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WeChat has been blocked in Russia after failing to register with authorities. Photo: Handout

China’s Tencent ‘deeply sorry’ after Russia blocks WeChat; but not a move against China


Chinese internet giant Tencent said on Saturday it was “deeply sorry” that its social media app WeChat had been blocked in Russia, adding it was in touch with authorities to try to resolve the issue.

Russian telecoms watchdog Roskomnadzor listed WeChat on the register of prohibited websites, according to information posted on the regulator’s website on Friday.

“Russian regulations say online service providers have to register with the government, but WeChat doesn’t have the same understanding [of the rules],” Tencent said in a statement.

Xinhua quoted a spokesman for Russia’s telecommunications watchdog as saying WeChat “did not provide the contact information necessary for registration with authorities”.

Following the incident, Tencent said on a microblog: “We’re experiencing a block and we’re deeply sorry.”

Tencent’s latest email response said that, “in accordance with internet regulations in Russia, organisers of information distribution on the internet are required to notify relevant authorities of their activities upon request”.

“As per these guidelines, we are in discussions with relevant authorities regarding the situation,” the company said.

Tencent headquarters at Nanshan Hi-Tech Industrial Park in Shenzhen. Photo: Reuters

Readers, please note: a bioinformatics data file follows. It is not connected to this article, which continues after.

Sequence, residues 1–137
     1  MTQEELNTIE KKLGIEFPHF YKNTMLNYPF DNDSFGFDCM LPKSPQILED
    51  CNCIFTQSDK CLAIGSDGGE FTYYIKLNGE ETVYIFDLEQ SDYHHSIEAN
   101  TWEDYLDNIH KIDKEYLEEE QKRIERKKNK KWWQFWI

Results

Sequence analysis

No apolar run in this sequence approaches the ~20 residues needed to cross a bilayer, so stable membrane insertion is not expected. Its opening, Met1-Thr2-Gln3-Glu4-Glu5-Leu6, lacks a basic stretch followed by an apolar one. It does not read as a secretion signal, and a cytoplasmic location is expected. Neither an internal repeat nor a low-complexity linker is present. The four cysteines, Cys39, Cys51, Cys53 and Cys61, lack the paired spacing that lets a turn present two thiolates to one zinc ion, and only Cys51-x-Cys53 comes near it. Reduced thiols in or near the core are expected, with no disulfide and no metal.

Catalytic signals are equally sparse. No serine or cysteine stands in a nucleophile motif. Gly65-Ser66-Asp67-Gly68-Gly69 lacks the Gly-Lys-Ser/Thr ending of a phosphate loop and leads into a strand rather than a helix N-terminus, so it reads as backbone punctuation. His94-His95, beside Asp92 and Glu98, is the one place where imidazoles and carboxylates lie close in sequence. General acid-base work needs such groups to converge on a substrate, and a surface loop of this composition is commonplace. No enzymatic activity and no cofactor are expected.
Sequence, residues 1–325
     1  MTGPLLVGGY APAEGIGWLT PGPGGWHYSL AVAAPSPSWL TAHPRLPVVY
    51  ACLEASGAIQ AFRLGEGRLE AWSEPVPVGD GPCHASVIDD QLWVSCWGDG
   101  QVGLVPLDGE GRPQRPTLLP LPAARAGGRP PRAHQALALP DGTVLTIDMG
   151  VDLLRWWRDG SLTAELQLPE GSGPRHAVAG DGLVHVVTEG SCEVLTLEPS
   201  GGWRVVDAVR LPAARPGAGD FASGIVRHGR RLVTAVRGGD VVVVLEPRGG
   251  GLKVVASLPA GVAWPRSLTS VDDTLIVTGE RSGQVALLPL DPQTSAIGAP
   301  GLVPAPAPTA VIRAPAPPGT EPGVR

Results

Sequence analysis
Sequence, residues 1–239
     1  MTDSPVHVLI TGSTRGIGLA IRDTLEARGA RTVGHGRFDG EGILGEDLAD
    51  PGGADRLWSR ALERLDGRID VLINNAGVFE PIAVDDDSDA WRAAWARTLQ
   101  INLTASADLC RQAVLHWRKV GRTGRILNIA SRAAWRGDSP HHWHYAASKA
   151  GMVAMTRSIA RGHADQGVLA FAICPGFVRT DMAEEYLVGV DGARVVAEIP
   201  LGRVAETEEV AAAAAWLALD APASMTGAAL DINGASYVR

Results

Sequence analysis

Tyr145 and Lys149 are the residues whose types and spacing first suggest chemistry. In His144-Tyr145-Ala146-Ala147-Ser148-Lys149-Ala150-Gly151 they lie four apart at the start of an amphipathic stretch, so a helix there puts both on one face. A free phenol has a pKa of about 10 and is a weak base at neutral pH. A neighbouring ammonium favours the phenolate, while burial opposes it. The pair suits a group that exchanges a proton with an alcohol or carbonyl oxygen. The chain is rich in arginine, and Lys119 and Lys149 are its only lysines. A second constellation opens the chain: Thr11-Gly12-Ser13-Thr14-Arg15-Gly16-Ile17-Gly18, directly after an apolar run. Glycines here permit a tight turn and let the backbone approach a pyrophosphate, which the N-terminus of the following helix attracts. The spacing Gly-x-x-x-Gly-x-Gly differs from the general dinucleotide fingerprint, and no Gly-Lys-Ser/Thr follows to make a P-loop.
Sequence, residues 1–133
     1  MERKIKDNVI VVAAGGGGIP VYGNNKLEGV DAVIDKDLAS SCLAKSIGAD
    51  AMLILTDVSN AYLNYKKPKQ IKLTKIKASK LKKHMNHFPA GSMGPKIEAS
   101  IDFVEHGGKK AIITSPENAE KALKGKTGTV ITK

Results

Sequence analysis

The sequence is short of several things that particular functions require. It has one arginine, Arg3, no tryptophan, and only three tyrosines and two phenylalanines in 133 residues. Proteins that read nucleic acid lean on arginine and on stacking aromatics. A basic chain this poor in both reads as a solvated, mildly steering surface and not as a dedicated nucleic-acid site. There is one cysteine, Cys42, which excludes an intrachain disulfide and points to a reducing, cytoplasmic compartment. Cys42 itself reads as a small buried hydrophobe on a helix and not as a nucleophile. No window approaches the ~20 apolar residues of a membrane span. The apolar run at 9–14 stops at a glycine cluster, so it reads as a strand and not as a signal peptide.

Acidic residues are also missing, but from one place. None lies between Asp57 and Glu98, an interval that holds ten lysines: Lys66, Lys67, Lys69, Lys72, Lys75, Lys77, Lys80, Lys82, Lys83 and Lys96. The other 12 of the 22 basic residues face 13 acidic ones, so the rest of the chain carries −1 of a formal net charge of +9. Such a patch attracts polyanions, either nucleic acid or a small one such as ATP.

Access to WeChat was restricted on the basis of Article 15.4 of the law on information, information technologies and information security, according to Roskomnadzor, officially known as the Federal Service for Supervision in the Sphere of Telecom, Information Technologies and Mass Communications.

The law, introduced in 2014, requires foreign messaging services, search engines and social networks to store the personal data of Russian users inside Russia. Sites that breach the law are added to a blacklist and internet providers are obliged to block access. The law prompted criticism from internet companies but entered into force in late 2015.

Cheng Yijun, a Russian-relations expert at the Chinese Academy of Social Sciences, said there we no signs that the incident was politically motivated. “The issue should be a company legal or commercial event rather than [about the] Sino-Russian relationship.”

Russian president Vladimir Putin will visit China in May to take part in the “Belt and Road” forum in Beijing. President Putin said that he looks forward to meeting Chinese President Xi Jinping (習近平) at the Forum on International Cooperation to be held in Beijing in May, according to Xinhua news.

“I do not think Russia and China will politically conflict with each other exactly before [the] scheduled presidents’ meeting,” said Cheng. “Now two nations would like to strengthen their relationship.”

It is not the first time that a social network has been blocked in Russia. Several messenger apps including Japanese LINE and Backberry Messenger were also blocked in the country. LinkedIn has been blocked in Russia since November 2016.

WeChat, known as Weixin in China, is more than just a messaging app. It offers payment, ride-hailing and other services and Tencent has ambitions to spread it far beyond its home country. WeChat is China’s most popular social media application with 889 million active users by the end of 2016. It is unclear how many users WeChat has in Russia.

Additional reporting by Meng Jing

This article appeared in the South China Morning Post print edition as: Tencent 'sorry' for WeChat block